A security blog post from Trend Micro warns that hackers in the wild have brewed up a variant of the now infamous CryptoLocker ransomware that uses worm-like features to spread itself even faster across removable drives.

The recently discovered Crilock-A variant can spread more easily than previous forms of CryptoLocker, and faster as well, making it something that system admins need to look at seriously.

This latest find is also notable because it comes under previously unseen disguises, such as a fake Adobe Photoshop and Microsoft Office software activators that have been seeded on P2P sites.

Analysis of the malware, detected as Worm_Crilock.A, shows that this virus can spread via removable drives. This update is considered significant because this routine was unheard of in other CRILOCK variants.

The addition of software propagation routines means that the malware can easily spread, unlike other known CRILOCK variants. Aside from its unique propagation techniques, the new malware bears numerous differences from known CryptoLocker variants.

Rather than relying on a downloader malware to infect systems, this malware pretends to be an activator for various software such as Adobe Photoshop and Microsoft Office in peer-to-peer (P2P) file sharing sites.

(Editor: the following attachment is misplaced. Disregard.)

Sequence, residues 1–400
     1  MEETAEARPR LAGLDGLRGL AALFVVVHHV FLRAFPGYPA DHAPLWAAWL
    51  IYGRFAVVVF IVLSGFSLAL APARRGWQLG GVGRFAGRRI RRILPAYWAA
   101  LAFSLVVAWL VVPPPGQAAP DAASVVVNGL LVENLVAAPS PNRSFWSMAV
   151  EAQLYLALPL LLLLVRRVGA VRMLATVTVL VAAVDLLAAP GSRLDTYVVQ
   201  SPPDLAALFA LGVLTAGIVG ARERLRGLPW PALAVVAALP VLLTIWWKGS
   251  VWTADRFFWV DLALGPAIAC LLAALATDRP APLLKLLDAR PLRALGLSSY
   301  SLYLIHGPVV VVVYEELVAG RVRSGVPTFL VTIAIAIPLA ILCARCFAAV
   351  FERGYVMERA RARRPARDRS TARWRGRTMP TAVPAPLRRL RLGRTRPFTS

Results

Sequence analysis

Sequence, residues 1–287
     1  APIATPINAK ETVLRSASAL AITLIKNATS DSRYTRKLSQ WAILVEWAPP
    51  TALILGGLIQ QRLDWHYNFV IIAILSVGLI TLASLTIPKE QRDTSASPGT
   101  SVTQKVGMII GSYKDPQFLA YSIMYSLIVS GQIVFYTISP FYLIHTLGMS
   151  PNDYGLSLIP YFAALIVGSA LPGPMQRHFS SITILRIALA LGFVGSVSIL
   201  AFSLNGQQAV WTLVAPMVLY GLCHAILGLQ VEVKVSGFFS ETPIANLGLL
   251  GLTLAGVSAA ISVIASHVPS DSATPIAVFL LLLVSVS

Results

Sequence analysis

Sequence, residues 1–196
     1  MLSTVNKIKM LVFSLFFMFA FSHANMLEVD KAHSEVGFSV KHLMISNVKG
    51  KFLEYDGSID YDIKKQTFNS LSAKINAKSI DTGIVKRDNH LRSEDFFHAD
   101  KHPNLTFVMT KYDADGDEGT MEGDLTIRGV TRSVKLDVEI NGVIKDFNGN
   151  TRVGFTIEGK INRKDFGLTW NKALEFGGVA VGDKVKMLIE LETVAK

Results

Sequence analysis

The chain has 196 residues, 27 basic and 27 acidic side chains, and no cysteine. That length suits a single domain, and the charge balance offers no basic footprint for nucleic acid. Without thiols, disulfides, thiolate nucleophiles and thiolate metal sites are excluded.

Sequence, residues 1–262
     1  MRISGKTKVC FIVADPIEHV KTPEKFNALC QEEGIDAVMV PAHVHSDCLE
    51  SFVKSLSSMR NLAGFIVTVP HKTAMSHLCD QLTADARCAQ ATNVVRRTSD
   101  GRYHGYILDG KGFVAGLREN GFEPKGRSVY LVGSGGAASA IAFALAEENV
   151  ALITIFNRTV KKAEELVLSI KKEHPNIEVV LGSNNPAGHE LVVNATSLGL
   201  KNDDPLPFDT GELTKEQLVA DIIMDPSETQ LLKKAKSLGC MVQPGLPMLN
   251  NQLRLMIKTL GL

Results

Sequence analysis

Uploading the malware in P2P sites allows bad guys to easily infect systems without the need to create and send spammed messages.

CryptoLocker, the Bitcoin demanding ransomware menace, has infected as many as a quarter of a million computers since it first surfaced in September 2013, according to research from Dell SecureWorks’ Counter Threat Unit.

Earlier versions of the CryptoLocker typically arrived in email as an executable file disguised as a PDF, packed into a .zip attachment.

A spam run targeting millions of U.K. consumers prompted a warning from the British National Crime Agency back in November. Only Windows computers can be infected by the malware.

If it successfully executes itself, CryptoLocker encrypts the contents of a hard drive and any connected LAN drives before demanding payment of up to 2 Bitcoins (payable within 72 hours) for a private key needed to decrypt the data.

The malware uses a well-designed combination of 256-bit AES and 2048-bit RSA encryption technology which means that without backups, victims have little choice but to pay up if they ever want to see their data again.

For now, it's still unclear whether the latest worm-like variant is a copycat or the work of the regional CryptoLocker crew. The latest variant uses hardcoded command and control nodes and omits the utilization of domain generation algorithm (DGA) routines to create multiple potential command points, a more sophisticated feature common in earlier variants.